This is really a two hour presentation I give to high school students, cut down to three minutes. And it all started one day on a plane, on my way to TED, seven years ago. And in the seat next to me was a high school student, a teenager, and she came from a really poor family. And she wanted to make something of her life, and she asked me a simple little question. She said, “What leads to success?” And I felt really badly, because I couldn’t give her a good answer. So I get off the plane, and I come to TED. And I think, jeez, I’m in the middle of a room of successful people! So why don’t I ask them what helped them succeed, and pass it on to kids?
“A Very Rigid Search,” proves to be a strong example of “unorthodox” Jewish writing. Although, there are parts where Jewishness is talked about, it doesn’t serve to be the central focus. For example, Alex and his grandfather (who are not Jewish) continue to call their passenger a Jew, Yiddish words are spoken but only for Alex’s interest, and the two are helping “this Jew” trace his Jewish roots; however, besides these small anecdotes, the story seems to be more about Alex’s journey and his relationship to his grandfather. The hero, or Jonathan Safran Foer, serves as a vehicle for Alex to increase his relationship with his grandfather.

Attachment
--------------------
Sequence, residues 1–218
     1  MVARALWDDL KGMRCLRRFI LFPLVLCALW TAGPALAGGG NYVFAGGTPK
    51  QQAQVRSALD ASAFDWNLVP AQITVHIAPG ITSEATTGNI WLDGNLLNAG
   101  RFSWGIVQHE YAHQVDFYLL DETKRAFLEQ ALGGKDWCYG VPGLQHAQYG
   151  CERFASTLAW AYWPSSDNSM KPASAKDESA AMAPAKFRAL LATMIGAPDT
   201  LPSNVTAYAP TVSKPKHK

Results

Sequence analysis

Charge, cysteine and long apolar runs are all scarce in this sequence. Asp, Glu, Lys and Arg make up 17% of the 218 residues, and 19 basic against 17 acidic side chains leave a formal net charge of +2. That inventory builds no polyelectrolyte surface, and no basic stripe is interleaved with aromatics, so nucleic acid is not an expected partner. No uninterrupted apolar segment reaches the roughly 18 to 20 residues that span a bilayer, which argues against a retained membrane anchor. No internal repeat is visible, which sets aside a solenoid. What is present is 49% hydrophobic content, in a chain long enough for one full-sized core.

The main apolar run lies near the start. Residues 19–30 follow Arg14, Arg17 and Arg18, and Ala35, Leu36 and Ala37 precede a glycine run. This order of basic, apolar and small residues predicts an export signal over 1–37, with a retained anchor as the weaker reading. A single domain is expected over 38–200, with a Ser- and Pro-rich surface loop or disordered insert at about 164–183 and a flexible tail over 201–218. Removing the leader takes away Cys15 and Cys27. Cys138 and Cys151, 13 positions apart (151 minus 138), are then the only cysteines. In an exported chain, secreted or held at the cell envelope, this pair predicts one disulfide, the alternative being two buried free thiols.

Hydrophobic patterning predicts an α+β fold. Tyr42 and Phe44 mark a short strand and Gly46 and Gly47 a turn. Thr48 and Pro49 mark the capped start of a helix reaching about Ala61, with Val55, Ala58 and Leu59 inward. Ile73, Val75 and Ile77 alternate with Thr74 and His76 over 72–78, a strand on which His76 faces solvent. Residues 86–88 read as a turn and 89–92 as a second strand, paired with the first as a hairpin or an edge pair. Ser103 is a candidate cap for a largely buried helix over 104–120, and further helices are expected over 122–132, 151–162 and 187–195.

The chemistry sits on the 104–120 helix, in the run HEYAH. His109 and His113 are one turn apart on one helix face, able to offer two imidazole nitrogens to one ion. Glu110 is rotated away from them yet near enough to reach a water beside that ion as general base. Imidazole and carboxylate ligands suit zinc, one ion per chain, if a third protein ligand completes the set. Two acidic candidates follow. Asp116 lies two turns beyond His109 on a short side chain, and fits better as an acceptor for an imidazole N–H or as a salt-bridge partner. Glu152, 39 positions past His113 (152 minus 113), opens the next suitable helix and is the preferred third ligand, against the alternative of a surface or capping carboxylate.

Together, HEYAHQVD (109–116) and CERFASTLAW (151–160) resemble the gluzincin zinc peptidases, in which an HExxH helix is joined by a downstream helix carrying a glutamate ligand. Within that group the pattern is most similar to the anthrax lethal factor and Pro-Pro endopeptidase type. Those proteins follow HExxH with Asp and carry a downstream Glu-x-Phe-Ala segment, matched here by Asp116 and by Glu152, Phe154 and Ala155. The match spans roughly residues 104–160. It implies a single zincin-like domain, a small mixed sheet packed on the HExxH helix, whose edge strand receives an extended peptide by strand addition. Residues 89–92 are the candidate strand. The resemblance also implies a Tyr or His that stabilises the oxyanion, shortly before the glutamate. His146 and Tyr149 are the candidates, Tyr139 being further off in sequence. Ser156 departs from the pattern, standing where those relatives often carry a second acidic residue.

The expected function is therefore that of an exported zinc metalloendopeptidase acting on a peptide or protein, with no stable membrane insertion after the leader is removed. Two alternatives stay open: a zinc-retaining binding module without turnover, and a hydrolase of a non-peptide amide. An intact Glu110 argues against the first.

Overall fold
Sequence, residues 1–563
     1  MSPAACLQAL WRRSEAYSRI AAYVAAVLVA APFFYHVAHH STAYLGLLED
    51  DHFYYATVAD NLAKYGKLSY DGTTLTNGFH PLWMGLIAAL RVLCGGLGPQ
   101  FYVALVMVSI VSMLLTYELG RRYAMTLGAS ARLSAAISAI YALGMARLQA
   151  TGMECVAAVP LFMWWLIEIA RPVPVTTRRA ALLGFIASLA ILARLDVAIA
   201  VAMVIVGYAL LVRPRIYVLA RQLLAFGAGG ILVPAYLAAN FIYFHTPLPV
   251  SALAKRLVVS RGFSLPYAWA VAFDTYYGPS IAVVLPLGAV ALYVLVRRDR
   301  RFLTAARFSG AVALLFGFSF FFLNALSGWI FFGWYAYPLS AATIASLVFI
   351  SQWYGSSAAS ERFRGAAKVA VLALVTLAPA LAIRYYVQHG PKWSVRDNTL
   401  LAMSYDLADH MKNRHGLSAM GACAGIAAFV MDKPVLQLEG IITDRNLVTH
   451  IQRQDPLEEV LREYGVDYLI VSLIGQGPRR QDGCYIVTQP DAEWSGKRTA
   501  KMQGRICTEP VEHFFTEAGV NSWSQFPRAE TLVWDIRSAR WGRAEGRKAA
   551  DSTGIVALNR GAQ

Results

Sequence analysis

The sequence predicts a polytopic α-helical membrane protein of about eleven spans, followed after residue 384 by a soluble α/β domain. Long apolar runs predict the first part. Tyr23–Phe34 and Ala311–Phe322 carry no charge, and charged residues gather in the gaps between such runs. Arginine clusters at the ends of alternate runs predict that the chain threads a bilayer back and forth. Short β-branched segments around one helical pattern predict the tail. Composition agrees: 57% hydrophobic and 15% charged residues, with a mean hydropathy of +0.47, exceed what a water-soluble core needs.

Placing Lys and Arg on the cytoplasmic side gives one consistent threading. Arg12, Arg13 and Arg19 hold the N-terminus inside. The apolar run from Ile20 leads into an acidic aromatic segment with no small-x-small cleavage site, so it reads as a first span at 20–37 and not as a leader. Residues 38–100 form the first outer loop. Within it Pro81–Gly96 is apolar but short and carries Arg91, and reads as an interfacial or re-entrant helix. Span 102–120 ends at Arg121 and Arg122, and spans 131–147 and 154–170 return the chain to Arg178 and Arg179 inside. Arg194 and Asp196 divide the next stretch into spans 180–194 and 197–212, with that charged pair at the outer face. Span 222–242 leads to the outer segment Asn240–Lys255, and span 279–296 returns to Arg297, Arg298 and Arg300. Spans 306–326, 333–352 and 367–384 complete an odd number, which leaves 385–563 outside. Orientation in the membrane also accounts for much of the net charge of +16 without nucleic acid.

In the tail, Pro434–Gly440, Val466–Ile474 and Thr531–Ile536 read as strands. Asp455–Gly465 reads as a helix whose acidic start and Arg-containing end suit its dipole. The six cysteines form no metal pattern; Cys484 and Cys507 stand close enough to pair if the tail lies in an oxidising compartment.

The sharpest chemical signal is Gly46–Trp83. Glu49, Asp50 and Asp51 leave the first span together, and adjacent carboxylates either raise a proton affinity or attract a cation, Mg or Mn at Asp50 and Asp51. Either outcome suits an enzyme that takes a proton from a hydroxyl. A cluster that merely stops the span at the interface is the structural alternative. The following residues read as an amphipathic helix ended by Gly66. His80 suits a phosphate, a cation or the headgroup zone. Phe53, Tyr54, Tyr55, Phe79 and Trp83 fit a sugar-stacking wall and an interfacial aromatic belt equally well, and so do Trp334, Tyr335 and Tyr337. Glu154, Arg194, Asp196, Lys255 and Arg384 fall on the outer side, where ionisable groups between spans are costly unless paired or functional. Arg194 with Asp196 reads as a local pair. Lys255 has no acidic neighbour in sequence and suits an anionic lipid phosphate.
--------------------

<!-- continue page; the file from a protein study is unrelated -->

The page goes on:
In the beginning of the story, it is clear that Alex and his grandfather are not close and rarely speak. For example, Alex says,” Amid my grandfather and I was a silence you could cut with a scimitar…” and “My grandfather and I did not say words pending the drive, which is not abnormal, because we have never said multitudinous words.” However, through shared comic relief and frustrations with Foer, the two start to bond. This is apparent in their shared laughter of the dropped potato, conversations about Odessa, and when his grandfather finally opens up about his parents: “It was the first occasion that I had ever heard my grandfather speak of his parents, and I wanted to know very much more of them,” Alex mentions. At the end of the story, it’s not Foer who feels a sense of relief, but Alex.